Updated from 3:46 p.m. EST
Dow 30 closed lower Wednesday, after trying and failing to remain in positive territory, but tech stocks ended higher following a benign
The Dow lost 46.84 points, or 0.5%, to 9075.14. The
Nasdaq added 22.80 points, or 1.4%, to 1690.21, while the
S&P was virtually unchanged at 1059.78. The latest GDP numbers showed the U.S. economy contracted by 0.4% in the third quarter. Economists were expecting a decline of 1%.
The bond market stole some of the limelight from equities, which were trying to recover from two straight days of declines. Around 4 p.m., the 10-year Treasury note was gaining 1 11/32 to 106, yielding 4.24%. The 30-year was up 5 4/32 to 107 21/32, yielding 4.88%, after the Treasury Department disclosed plans to stop selling the long bond. Check out
separate story on the end of the 30-year.
Overseas stocks were mixed. London's FTSE rose 0.7% at 5040, and Germany's Xetra DAX gained 0.3% to 4559. Japan's Nikkei ended down 1.4% to 10,366, while Hong Kong's Hang Seng was little changed at 10,074.
The worldwide economic slowdown continued to be felt, with
forecasting a $4.5 billion loss and setting 10,000 additional job cuts. The company said it doesn't see a rebound before the middle of 2002. Shares of the French telecom equipment maker rose $1.09, or 7.9%, to $14.85.
made strides, trading up 61 cents, or 6.4%, to $10.15.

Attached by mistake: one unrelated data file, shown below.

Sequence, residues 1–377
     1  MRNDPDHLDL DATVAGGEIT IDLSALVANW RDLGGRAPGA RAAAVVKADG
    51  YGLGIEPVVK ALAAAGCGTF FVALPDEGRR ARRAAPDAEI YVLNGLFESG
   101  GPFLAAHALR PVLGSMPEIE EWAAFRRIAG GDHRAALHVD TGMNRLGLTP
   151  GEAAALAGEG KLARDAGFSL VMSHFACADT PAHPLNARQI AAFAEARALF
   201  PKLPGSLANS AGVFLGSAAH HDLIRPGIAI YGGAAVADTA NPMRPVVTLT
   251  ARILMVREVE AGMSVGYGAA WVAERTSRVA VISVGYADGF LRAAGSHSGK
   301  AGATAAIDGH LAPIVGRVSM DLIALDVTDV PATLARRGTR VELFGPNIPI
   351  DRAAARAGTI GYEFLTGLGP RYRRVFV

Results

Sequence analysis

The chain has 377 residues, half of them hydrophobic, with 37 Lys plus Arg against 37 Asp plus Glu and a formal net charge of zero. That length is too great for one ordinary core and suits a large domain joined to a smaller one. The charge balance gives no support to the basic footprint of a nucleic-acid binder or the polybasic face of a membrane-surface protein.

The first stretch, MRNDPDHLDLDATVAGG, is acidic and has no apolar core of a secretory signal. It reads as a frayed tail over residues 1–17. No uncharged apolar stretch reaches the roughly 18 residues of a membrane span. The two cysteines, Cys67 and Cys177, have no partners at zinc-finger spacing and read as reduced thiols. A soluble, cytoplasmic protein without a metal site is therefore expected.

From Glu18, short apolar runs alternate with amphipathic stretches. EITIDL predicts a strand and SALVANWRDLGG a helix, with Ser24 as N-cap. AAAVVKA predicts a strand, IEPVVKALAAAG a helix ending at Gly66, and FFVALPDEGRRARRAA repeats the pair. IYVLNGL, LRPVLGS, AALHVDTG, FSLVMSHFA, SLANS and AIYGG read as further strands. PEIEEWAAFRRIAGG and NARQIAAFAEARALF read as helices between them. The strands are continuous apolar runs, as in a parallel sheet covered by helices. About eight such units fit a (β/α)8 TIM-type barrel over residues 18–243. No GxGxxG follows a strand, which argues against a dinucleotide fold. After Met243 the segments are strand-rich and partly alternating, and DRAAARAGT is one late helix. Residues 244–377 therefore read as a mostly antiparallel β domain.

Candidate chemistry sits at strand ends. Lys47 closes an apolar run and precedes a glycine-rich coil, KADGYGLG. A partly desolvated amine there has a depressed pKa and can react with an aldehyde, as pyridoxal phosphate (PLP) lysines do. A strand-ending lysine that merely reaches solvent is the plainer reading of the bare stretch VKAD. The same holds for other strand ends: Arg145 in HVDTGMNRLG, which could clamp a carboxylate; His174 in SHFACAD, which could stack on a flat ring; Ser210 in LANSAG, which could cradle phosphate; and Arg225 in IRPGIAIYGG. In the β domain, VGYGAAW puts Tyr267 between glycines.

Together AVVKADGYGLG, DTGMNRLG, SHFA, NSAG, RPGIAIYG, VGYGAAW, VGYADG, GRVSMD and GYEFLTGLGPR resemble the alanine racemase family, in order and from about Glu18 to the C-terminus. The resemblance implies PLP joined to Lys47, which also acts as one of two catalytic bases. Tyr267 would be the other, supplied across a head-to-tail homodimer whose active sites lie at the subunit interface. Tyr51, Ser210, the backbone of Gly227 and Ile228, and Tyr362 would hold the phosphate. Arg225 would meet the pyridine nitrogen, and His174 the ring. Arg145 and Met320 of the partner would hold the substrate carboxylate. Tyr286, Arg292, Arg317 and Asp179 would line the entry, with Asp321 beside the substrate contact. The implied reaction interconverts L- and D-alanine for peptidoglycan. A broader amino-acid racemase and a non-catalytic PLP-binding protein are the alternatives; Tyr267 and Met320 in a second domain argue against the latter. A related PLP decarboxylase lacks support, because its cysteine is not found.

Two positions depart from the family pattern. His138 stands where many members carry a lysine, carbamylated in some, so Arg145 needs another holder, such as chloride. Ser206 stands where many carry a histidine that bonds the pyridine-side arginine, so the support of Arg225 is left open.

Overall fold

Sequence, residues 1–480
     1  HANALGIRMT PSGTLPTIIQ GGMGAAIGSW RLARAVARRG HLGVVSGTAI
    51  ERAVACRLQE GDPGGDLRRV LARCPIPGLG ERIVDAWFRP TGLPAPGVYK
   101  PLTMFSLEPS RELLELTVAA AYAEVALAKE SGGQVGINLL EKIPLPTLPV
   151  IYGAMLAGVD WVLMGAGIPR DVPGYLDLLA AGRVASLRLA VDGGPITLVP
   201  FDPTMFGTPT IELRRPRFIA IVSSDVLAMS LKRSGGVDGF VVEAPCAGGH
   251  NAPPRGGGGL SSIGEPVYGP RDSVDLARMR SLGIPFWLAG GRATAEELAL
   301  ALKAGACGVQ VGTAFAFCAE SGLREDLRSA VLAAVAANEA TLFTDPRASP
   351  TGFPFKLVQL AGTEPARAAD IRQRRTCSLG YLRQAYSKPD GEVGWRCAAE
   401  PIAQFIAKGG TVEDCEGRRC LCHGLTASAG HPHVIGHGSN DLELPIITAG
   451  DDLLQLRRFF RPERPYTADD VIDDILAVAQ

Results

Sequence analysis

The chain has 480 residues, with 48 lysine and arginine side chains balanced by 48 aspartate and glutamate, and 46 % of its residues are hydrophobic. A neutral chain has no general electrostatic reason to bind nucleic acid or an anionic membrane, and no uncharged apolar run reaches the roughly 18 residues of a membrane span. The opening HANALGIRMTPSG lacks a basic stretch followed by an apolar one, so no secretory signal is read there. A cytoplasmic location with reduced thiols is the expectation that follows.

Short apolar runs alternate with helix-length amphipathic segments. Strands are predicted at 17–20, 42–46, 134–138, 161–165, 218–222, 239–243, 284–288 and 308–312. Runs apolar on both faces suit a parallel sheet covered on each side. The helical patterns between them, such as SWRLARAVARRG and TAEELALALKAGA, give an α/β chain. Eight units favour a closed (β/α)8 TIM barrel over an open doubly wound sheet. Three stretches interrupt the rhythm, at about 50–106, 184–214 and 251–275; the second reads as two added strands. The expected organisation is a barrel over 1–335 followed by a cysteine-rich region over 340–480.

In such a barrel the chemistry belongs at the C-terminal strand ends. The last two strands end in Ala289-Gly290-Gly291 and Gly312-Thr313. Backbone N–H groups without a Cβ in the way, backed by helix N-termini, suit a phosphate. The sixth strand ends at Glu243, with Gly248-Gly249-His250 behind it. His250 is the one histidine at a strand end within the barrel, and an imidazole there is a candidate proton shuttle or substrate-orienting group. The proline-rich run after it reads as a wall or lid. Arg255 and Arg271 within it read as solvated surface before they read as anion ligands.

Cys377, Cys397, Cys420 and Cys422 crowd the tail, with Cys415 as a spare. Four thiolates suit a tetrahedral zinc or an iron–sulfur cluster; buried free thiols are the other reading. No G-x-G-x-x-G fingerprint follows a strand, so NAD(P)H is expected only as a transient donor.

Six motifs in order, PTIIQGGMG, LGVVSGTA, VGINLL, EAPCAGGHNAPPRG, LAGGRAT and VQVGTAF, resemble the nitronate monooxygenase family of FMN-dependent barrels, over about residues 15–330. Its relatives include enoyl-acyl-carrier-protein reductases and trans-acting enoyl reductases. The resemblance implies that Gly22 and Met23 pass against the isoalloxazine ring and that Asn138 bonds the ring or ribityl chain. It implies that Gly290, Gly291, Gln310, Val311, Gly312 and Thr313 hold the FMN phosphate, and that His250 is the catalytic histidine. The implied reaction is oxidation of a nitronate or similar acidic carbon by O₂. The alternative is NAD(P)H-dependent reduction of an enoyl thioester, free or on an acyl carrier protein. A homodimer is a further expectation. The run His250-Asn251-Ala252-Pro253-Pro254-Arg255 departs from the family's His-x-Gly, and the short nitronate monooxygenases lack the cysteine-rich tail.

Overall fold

also moved to the upside, climbing 35 cents, or 2.1%, to $16.92.
saw its shares rise following a conference call held after the close Tuesday. The stock traded up 88 cents, or 3.7%, to $24.42 on positive comments from the company.
was roughed up after it warned that fourth-quarter and 2002 earnings would fall short of analysts' estimates. The company also said it plans to cut 150 jobs, or 5% of its staff. Adobe fell $2.20, or 7.7%, to $26.55.
posted a third-quarter loss of 8 cents a share, widely missing analysts' forecasts. Shares of Qwest were losing $2.92, or 18.3%, to $13.08.
dropped 6.8% following its third-quarter earnings, which came in well above analysts' estimates. But the company offered little visibility for the coming quarters, which worried investors. The stock fell $1.05 to $16.54.
In war news, the U.S. government said it has troops on the ground in Afghanistan. About 100 special-forces troops are aiding anti-Taliban forces in setting up supply lines, according to the Pentagon.